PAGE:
You can’t keep a good pilot like George Miller down — literally.
He’s 82, an age when some have to give up their drivers’ licences.
Yet there he was at his hangar at Langley Regional Airport on Feb. 9, preparing his silver 1947 Navion aircraft for a morning commute that will carry him at an altitude of roughly 7,000 feet from Langley to Pitt Meadows Airport, where he is serving as the temporary manager until a permanent replacement is found.
Having a bird’s eye view of the Fraser Valley is just another day in the life of the Canadian Aviation Hall of Fame member and Abbotsford resident.
Miller has been a high flier since his teenage years.
“Well over half the history of flight,” Miller answered, about how many years he’s been flying planes.
“I won’t say that where I grew up on Fogo Island (off the coast of Newfoundland) was an aviation metropolis,” he said, with a big laugh. “I’d never seen an airplane!”
Miller enlisted in the Royal Canadian Air Force (RCAF) in Ottawa as an 18-year-old pilot trainee on Nov. 28, 1953 and began training on Harvards at RCAF Station Penhold in Alberta in January 1954.
Because Miller agreed to join the church choir on the base, his instructor accelerated his instrument training and he graduated with his pilot’s wings six weeks early, in November, 1954.
“I was overseas in Germany when I was 19,” Miller said. “I was over there during the Cold War, flying F-86 fighters, patrolling the Iron Curtain.”
Miller served 35 years in the RCAF before taking on the position of Langley’s airport manager.
He was at the controls of the local airport for 22 years before handing them over to his son, Guy.
“I retired from the air force in ’87 and I retired here (at the Langley airport), if you want to call it retirement, in 2013,” Miller said, as he inspected his Navion prior to his morning flight.
Father and son managed the airport as a team for a while, and once Miller “felt everything was right,” he said his son “took it (the airport) over.”
Miller oversaw many changes at Langley Regional Airport and is proud of the progress that was made over the two decades he was there.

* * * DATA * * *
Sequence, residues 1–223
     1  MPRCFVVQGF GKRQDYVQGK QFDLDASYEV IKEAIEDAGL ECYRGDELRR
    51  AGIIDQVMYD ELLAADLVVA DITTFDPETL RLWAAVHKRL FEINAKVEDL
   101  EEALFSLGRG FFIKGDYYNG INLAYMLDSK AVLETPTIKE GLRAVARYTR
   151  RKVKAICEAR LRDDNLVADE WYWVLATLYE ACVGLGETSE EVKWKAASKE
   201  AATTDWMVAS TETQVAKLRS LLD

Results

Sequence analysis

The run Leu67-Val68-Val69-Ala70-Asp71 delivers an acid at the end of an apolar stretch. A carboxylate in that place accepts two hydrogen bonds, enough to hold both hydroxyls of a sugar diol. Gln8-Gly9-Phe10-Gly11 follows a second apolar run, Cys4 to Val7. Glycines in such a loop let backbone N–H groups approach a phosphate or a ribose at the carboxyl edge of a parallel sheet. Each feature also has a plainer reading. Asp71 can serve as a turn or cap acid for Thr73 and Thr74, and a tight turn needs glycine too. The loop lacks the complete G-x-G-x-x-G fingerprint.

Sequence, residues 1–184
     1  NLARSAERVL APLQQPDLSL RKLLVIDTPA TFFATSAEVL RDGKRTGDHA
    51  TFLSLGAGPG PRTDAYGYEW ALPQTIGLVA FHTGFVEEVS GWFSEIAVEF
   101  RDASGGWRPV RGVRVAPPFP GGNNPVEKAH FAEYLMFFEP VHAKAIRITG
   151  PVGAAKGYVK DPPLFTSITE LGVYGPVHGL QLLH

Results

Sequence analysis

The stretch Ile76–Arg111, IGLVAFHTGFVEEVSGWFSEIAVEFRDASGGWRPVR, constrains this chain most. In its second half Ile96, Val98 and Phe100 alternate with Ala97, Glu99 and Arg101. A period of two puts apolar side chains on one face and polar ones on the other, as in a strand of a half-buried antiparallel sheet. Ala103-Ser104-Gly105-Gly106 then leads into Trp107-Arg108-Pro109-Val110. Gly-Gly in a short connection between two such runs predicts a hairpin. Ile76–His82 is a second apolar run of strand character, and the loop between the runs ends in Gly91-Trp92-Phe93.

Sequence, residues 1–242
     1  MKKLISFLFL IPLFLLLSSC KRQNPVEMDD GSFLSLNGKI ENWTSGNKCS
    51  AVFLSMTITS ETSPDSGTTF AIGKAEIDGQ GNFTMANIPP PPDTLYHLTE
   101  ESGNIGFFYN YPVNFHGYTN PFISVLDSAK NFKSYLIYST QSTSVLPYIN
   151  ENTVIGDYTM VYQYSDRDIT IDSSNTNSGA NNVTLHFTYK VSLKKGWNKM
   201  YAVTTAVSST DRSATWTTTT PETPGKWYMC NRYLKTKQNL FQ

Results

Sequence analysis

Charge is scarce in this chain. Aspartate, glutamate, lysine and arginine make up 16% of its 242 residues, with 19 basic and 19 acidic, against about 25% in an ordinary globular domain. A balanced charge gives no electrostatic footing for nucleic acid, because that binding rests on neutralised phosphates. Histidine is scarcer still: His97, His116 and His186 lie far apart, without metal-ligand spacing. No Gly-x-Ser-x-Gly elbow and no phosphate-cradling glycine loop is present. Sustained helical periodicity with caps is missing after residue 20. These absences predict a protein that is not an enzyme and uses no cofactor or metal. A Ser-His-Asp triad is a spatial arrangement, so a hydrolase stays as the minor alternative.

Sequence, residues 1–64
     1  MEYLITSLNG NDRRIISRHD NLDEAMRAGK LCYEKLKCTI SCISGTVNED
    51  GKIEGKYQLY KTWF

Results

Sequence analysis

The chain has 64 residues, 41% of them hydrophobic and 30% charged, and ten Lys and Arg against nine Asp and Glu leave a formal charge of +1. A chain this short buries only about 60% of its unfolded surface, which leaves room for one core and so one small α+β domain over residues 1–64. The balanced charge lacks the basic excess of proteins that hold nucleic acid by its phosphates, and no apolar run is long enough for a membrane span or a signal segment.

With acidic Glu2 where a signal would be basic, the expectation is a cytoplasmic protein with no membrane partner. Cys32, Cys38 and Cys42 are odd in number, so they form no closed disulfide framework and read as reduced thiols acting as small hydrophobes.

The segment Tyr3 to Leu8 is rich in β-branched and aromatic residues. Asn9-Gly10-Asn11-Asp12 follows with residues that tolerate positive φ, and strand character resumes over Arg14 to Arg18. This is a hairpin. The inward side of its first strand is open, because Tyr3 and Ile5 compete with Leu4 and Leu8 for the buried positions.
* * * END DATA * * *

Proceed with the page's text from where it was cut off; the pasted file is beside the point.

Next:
“It was a far cry from where it is now,” Miller said. “It was in pretty tough shape, it really was. It had a few helicopter companies, but good people, and from there, we grew.”
Today, the airport is home to more than 55 rotary and fixed-wing businesses, including Vector Aerospace.
These companies employ more than 300 people, generate more than $70 million in business annually, and occupy 200,000 square feet of industrial/office space, according to the airport’s business profile.
Businesses on this 120-acre site continue to grow and develop, investing more than $15 million in recent improvements.
Miller said managing Langley’s airport was “a delight.”
“We had tremendous support from the community, and the mayor and council and staff from the Township of Langley,” he said. “There are great people at the airport, here. You could not want for better.”
On June 4, 2015, Miller was inducted as a Canadian Aviation Hall of Fame at a ceremony held at Toronto’s Pearson International Airport.
But flying off into the sunset wasn’t in the offing, –– at least not yet.
Pitt Meadows Airport came calling.
“That sort of came very quickly,” Miller said.
“They had reason to see the moving out of their airport manager, so they came to me to see if I was available to find them a new manager, and while doing so, to manage the airport for four-to-five months, and so that’s what I’m doing now.”
Miller continues to lead the Fraser Blues formation team which recently agreed to do a demonstration at an airshow at Pitt Meadows Airport.
He quips that he’s the oldest member of the Fraser Blues “by quite a bit.”
But his age isn’t going to keep him grounded. Miller says seeing the world from a completely different perspective is and always will be a thrill:
“It’s been in my blood since I first did it.”
“You always fly with close attention to safety and the sort of things that make for a good flight, so there’s a little bit of anxiety with whatever you do, but it keeps you alert,” Miller said. “I love the thrill of flying.”